How role models can influence learning in children

Role models can be anyone and anywhere. Children learn various behaviours through the observation of these role models. This observational learning, discovered was by Albert Bandura who is a psychology professor working at Stanford University and named this theory the ‘Social Learning Theory’. This theory is influenced by a wide variety of conditions that are required for the learning process to begin. These are: Attention, retention, motor reproduction and motivation.


Attention is required in the process of active observational learning through role models. Without the attention from children, their under-developed minds see you as non-existent until they are able to see you, which in turn means that they can’t imitate the behaviours observed.


Retention is remembering what the model actually did. If you are unable to retain the information or observation, you are not able to rehearse and implement it.

Motor Reproduction

In order to be able to imitate a behaviour or act and imitate it, a child needs to be able to replicate it. If a child observes how to do a back flip but is unable to do it, they will not imitate the behaviour.


A child needs to be motivated to learn the certain behaviour. Only seeing is not enough for learning from role models to begin, they need to have a reason to replicate the behaviour.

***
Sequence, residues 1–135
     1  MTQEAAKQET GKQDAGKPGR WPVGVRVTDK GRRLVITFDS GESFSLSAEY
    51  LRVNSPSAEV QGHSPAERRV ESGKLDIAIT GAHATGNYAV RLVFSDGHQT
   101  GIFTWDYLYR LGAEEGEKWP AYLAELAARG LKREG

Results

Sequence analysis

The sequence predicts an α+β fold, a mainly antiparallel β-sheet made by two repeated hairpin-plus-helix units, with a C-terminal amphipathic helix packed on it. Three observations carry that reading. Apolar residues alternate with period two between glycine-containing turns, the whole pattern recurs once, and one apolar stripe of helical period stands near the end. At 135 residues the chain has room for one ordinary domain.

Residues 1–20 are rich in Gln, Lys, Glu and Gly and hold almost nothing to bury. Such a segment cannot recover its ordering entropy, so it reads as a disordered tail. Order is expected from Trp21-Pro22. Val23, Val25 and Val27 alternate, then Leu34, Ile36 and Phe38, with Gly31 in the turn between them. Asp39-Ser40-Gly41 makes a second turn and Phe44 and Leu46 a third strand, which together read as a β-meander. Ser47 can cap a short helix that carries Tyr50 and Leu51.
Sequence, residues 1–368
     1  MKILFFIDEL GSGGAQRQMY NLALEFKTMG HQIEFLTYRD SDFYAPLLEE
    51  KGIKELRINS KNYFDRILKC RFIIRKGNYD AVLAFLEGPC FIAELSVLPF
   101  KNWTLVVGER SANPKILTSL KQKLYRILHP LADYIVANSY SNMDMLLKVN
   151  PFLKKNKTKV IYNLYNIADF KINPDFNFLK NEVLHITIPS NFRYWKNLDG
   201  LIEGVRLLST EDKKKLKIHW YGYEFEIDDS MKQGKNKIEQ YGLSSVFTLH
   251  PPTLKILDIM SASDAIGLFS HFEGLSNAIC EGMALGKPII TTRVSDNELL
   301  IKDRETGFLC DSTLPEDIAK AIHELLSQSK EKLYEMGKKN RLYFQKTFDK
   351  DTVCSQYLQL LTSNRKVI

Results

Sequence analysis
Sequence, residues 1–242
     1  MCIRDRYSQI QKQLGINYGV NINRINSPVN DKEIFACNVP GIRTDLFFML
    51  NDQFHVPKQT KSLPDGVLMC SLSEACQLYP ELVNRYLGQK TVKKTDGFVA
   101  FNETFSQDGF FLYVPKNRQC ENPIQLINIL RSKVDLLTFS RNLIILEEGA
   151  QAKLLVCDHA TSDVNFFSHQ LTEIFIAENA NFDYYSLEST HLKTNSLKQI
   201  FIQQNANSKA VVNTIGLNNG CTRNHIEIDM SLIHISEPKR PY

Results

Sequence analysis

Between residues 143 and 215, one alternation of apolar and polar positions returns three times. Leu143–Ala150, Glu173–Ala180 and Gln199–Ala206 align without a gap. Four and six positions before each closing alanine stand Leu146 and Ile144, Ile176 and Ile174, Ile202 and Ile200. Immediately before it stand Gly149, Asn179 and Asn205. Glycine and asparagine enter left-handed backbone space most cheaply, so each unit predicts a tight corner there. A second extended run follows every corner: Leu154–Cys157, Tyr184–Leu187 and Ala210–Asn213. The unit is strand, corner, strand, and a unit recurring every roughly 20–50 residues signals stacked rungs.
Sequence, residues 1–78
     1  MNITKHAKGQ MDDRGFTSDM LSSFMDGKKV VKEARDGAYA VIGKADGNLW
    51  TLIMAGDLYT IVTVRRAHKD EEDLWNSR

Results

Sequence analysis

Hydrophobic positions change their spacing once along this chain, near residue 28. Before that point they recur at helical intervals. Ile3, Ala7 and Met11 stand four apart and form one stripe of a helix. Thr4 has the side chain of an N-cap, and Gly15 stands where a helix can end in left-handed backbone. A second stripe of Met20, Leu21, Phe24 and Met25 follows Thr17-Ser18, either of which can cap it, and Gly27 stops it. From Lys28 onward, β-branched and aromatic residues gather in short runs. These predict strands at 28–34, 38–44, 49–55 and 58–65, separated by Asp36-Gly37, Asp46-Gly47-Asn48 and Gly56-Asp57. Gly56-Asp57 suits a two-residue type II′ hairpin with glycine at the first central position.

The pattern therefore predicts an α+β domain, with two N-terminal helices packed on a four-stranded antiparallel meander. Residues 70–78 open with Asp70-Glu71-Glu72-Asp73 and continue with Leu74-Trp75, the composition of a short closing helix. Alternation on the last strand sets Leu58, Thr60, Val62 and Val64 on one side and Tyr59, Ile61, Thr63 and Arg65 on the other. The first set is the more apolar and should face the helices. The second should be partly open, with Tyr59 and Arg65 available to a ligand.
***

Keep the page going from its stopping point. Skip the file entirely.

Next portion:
__These four conditions required are dependent on the following:__


If the behaviour that is shown to the child is consistent across many situations, they are significantly more likely to observe the behaviour than in a one off situation.

Identification with the model

The children need to identify with the model as this influences motivation. A male is much more likely to imitate a male’s behaviour and a soccer playing child is more likely to imitate a soccer player’s behaviour.

Rewards and Punishment

Also known as reinforcement, if a child observes somebody getting punished or rewarded for acting a certain way, they do not need to experience it themselves to learn that behaviour. Albert Bandura calls this Vicarious Reinforcement.

Liking the model

Last but not least, a child imitates behaviours more often from somebody they like, such as their parent or friend than somebody they don’t like cold and uncaring people.

Multiple psychology studies were carried out on Bandura’s theory which demonstrates the process of observation learning.

Bandura and Ross (1961)

The first study, carried out by Albert Bandura and a colleague of his, is famously known as the Bobo Doll study. In 1961, they brought in 72 children of both genders from the Stanford university nursing school. The children were shown a film of an adult acting aggressively towards a floating bobo doll, which included kicking it across the room and hitting it on the head with a mallet. However, there were three different conditions. In the first condition, the adult was then rewarded with sweets and candy upon beating the bobo doll. In the second condition, the adult was scolded and spanked after hitting the bobo doll. The final condition was the control group where they were neither punished nor rewarded.